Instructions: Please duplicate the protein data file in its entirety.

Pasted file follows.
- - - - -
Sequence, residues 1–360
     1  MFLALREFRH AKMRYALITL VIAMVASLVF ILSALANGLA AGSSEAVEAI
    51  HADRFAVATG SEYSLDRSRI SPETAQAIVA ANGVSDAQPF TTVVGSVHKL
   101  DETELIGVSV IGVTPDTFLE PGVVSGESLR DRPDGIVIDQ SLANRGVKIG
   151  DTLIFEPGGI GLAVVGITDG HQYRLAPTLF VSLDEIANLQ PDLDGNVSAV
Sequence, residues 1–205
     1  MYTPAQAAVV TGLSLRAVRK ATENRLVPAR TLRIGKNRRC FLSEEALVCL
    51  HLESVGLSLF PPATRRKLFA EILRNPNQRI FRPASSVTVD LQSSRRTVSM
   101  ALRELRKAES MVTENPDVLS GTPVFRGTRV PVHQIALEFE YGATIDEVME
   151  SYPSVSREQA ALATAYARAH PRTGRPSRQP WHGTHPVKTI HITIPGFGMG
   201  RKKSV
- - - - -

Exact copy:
Sequence, residues 1–360
     1  MFLALREFRH AKMRYALITL VIAMVASLVF ILSALANGLA AGSSEAVEAI
    51  HADRFAVATG SEYSLDRSRI SPETAQAIVA ANGVSDAQPF TTVVGSVHKL
   101  DETELIGVSV IGVTPDTFLE PGVVSGESLR DRPDGIVIDQ SLANRGVKIG
   151  DTLIFEPGGI GLAVVGITDG HQYRLAPTLF VSLDEIANLQ PDLDGNVSAV
Sequence, residues 1–205
     1  MYTPAQAAVV TGLSLRAVRK ATENRLVPAR TLRIGKNRRC FLSEEALVCL
    51  HLESVGLSLF PPATRRKLFA EILRNPNQRI FRPASSVTVD LQSSRRTVSM
   101  ALRELRKAES MVTENPDVLS GTPVFRGTRV PVHQIALEFE YGATIDEVME
   151  SYPSVSREQA ALATAYARAH PRTGRPSRQP WHGTHPVKTI HITIPGFGMG
   201  RKKSV